Plot: What’s it about?
Many directors like Federico Fellini and Vittorio De Sica have emerge as some of the best that Italian cinema can offer. Another that happen to have his own vision using images with very little dialogue was Michelangelo Antonioni. In the early sixties he had comprised a trilogy of sorts depicting a multitude of things within an international flavor. This started with L’avventura and continued with La notte. In this third entry, he explores the tale of a woman in transition with a few men and the results of that in the modern day world of the sixties. This is L’Eclisse.
A man, Riccardo, (Francisco Rabal) and a woman, Vittoria, (Monica Vitti) move and look around in a room without much to say and without any interest in one day. The woman tells her man she’s leaving him and she moves onto another man, a stockbroker named Piero (Alain Delon) and he feels he’s with a woman that he can feel for. At the same time Vittoria doesn’t know if she’s ready. Vittoria is not torn between two lovers but moving on can have it’s own challenges.
From the start of this film, Antonioni starts his score like an exciting sixties film and then halfway through the credits the score changes to something more in a suspense film and then brings the audience into this tale of a woman who despite the company of men can’t make up her mind and is not very sure of herself. The message in this film is not very different than the way things are in present day.
It’s interesting to see the film goes through 6 straight minutes without a word of dialogue and a few sounds, gestures and expressions. Color film was common amongst that time period and Antonioni uses black and white to a great extent and his cast benefits with that film choice as there is a great deal of _expression and a sense of that time in a foreign country such as Italy.
The pressures of life, the wanting of something and never being satisfied in one part or another or in the entire picture is here and Antonioni shows that no matter how good one’s life can appear to be, there can be so much more that has a feeling all it’s own that can be alone.
Through it all, Antonioni captures the story of two people so differently than the films made now on the subject and his films will always have something none of the films today have, a visual flare in the time of despair that is all it’s own. L’Eclisse may not be the happiest of films but it holds its interest readily and continues to show the great filmmaker that Antonioni is.
Video: How does it look?
L’Eclisse has the 1.85:1 anamorphic widescreen transfer retained and the results are slightly dim but the overall look of the film is extraordinary and the print used for this DVD is clear, free of much debris although in some points of the film it is evident but not for very long. The cast’s faces are captured nicely by Antonioni’s camera and their sense of _expression in glorious black and white fit the tone of the film as well giving for a very nice transfer and another well done job by Criterion.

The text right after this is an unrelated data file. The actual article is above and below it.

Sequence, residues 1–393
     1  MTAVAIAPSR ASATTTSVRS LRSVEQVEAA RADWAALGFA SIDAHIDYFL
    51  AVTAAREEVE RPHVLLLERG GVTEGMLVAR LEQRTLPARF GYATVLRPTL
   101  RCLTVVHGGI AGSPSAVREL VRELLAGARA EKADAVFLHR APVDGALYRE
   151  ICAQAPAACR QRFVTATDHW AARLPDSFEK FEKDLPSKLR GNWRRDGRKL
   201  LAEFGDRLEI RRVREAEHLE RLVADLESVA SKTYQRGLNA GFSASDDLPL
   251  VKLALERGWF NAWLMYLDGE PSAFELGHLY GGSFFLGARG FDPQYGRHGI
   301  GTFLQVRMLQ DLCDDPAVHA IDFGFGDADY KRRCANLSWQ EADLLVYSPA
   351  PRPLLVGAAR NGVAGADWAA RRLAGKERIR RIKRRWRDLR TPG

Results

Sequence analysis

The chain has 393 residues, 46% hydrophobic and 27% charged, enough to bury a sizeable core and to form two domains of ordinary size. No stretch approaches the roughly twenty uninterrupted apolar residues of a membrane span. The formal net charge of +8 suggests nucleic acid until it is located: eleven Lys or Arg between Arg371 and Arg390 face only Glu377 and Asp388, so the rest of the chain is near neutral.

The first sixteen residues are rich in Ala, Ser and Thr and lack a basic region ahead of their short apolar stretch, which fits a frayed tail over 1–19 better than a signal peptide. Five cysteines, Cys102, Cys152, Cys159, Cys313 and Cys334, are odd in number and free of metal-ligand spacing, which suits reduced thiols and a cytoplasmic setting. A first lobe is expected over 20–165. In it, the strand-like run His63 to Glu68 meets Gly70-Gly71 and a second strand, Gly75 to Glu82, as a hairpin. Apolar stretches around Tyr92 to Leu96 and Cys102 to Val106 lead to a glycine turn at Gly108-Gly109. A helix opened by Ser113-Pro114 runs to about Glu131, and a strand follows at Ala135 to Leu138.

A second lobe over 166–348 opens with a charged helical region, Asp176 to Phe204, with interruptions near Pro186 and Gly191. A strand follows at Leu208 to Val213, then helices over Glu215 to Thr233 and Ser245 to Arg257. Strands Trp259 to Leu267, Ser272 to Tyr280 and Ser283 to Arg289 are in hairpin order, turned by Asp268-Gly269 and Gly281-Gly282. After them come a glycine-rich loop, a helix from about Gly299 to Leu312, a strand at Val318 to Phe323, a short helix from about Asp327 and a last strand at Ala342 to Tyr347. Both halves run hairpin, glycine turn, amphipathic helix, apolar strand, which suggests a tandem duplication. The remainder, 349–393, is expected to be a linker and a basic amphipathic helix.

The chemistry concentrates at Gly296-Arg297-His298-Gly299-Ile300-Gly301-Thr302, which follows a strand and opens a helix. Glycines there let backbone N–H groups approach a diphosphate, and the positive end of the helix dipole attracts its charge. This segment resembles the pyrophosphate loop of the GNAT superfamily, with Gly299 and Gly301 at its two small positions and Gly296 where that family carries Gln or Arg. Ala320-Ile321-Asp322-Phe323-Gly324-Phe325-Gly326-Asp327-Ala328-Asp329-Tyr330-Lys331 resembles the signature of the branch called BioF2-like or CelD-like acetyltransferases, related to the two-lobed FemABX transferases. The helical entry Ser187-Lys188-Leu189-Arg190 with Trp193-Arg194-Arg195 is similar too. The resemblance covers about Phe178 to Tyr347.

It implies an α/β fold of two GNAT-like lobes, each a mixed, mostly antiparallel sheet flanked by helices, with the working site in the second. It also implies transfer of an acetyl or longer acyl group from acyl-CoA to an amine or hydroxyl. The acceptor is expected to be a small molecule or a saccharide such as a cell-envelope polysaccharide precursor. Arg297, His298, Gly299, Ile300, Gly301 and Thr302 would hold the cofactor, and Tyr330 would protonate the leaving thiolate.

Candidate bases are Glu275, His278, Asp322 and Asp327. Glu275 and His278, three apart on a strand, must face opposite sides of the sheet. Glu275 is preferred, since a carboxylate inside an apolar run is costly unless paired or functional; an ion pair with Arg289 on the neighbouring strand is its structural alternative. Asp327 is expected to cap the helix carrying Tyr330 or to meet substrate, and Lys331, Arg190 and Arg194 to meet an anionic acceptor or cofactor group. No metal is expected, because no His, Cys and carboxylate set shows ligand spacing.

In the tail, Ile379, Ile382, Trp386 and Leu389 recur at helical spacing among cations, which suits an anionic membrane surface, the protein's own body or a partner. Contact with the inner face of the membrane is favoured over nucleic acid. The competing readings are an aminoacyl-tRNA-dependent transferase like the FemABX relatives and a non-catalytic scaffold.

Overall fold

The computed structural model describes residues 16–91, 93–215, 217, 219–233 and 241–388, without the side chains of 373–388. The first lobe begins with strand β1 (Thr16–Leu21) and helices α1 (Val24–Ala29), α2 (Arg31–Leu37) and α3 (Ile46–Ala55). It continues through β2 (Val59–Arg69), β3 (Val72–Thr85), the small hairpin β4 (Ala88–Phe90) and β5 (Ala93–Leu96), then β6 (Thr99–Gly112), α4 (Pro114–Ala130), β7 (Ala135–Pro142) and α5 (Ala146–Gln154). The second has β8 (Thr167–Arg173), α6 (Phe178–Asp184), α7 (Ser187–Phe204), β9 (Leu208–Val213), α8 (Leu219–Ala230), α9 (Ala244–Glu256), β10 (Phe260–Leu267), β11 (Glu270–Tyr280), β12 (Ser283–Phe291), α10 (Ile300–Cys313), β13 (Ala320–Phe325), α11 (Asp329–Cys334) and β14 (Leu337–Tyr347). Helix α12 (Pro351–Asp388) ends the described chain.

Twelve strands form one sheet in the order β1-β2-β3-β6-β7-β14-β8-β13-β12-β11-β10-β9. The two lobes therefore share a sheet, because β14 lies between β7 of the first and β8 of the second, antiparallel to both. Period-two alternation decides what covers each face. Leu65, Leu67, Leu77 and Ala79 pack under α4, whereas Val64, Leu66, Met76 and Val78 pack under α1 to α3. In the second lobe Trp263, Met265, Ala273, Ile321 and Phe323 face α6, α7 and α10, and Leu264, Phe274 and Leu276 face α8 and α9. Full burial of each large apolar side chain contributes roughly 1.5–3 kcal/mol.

Audio: How does it sound?
The sounds in this film are mostly for score and the sense of silence and the Dolby Digital 2.0 mono track captures the dialogue nicely in all channels as well as the occasional bit of score mixed in although most audible activity comes from the center channels. Everything can be understood nicely and the score has it’s own twists and turns as the film does and it doesn’t take much and doesn’t require to kick the sound up louder than it already is. For a film of the early sixties, it retains it’s soundtrack very well. This disc also has English subtitles that can and can be turned off during the picture.
Supplements: What are the extras?
Criterion gives L’Eclisse the Special Edition treatment and it starts off on disc one with a commentary by the program director of Lincoln Center, Richard Pena and he gives a nice take on the film itself. His comments describe the film nicely and as the film rolls along holds the audiences interest greatly thanks to his insightful comments and observations of the way Antonioni uses his camera and his choices for doing so. All around a pretty solid commentary.
On disc 2, there are two documentaries focusing on Antonioni and his work on this film and other films. The first being Michelangelo Antonioni: The Eye that Changed Cinema, a 56 minute documentary from 2001 that explores the filmmaker’s work from the start to the end. It is an intriguing piece showcasing most of his films in clips and gives a nice area for this title as well.
Last on this disc and for this set is the documentary Elements of Landscape, another superb 22 minute video documentary focusing on L’Eclisse and getting the viewpoints from Italian film critic Adriano Apra and longtime Antonioni friend Carlo di Carlo and it gives a nice summing up on the making of the film from casting to the choice of title to the overall result of the film seen in present day.
With it’s one of a kind look and international way of storytelling, L’Eclisse is given sterling treatment in the very good hands of Criterion on DVD thanks to it’s short and sweet extras along with a solid transfer of the film itself that holds up well thirty three years later.